Former engineer says hardware keyboard was "seriously considered" for original iPhone
It seems like we can't go too long without another report coming out that directly contradicts something that Walter Isaacson wrote in his now super famous biography of Steve Jobs. Earlier this month, it was Google CEO Larry Page claiming that Jobs' threats of "thermonuclear war" on Android were just for show, to inspire his company. Now, a former Apple engineer is saying that the original iPhone almost had a physical keyboard.
In the biography, Walter Isaacson made it sound as though there were prototypes which included physical keyboards, but Steve Jobs quickly vetoed those ideas in order to push his theory that every interaction had to be possible with nothing more than a fingertip. Tony Fadell, the former SVP of the iPod division at Apple and a member of the team working on the original iPhone tells it differently. According to Fadell, the Apple team seriously considered having a physical keyboard as part of the original iPhone design, though he personally didn't want to see that. He didn't say whether it would have been a slide-out keyboard like the Motorola DROID series phones, or a portrait QWERTY like most BlackBerry phones.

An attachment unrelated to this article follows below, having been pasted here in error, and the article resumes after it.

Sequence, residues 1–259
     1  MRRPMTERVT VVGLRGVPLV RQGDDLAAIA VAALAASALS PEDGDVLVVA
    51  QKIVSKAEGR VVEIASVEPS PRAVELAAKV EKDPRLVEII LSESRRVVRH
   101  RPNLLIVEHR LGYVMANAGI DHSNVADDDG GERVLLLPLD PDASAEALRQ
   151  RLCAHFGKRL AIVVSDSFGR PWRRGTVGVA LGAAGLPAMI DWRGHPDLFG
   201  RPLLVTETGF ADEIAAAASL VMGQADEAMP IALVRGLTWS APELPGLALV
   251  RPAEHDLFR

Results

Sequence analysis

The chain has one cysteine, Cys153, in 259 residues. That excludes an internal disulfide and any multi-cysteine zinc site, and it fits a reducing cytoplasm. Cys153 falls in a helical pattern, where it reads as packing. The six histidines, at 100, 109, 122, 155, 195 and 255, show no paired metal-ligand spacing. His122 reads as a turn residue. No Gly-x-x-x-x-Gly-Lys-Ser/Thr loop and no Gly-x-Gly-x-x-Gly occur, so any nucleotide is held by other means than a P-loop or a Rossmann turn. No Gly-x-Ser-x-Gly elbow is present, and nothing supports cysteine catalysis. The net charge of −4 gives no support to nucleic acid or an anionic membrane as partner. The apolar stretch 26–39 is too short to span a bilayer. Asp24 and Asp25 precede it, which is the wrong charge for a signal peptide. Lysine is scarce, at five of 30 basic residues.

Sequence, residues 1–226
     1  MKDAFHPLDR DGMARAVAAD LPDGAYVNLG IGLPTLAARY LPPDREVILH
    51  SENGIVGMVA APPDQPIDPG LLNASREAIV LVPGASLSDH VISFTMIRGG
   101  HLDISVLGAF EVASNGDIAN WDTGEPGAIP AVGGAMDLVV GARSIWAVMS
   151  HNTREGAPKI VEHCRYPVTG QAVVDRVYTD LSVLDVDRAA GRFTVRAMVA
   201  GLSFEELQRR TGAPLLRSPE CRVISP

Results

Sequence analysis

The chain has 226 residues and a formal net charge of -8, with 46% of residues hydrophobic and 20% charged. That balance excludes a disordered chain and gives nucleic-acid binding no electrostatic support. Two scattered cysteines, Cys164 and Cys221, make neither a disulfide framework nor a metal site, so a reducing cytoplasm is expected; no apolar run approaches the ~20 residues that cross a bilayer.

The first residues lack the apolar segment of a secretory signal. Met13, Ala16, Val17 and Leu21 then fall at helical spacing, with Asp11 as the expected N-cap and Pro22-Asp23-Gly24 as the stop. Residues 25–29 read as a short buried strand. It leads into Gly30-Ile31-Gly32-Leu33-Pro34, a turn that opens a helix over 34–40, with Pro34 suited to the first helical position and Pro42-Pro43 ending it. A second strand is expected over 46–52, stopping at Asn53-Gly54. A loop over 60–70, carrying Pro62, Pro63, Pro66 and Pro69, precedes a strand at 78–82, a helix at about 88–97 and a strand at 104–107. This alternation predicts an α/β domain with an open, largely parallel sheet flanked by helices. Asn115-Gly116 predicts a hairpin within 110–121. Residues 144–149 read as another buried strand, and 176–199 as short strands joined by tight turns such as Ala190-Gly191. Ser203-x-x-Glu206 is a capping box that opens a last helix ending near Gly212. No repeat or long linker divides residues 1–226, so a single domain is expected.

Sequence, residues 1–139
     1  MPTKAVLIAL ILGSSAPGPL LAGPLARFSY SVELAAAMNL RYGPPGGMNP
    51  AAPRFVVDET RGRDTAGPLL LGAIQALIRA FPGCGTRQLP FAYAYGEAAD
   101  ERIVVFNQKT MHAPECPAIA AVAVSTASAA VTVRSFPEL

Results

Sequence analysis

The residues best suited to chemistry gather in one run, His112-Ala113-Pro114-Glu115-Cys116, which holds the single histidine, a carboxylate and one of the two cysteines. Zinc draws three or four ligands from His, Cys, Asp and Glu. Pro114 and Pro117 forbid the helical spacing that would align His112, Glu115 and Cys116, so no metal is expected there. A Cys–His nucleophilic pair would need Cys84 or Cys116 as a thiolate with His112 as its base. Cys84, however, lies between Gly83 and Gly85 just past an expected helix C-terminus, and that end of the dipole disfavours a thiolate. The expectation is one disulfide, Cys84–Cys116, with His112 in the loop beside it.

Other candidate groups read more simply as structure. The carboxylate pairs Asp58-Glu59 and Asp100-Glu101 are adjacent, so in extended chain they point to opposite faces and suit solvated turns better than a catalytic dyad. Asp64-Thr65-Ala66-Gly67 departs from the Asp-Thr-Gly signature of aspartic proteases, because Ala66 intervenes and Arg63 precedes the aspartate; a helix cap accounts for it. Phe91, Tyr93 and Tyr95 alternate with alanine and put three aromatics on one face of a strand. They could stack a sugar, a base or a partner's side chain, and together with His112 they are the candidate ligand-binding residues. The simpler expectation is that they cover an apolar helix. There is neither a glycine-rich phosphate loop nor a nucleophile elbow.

Fadell also said that there were three main prototypes that were considered: an "iPod + Phone", a device that was called the iPhone, and then the iPhone that was ultimately released in 2007.
What do you guys think? Was a physical keyboard that serious of a consideration, or do you believe Isaacson that Jobs never seriously gave the idea a chance?
source: The Verge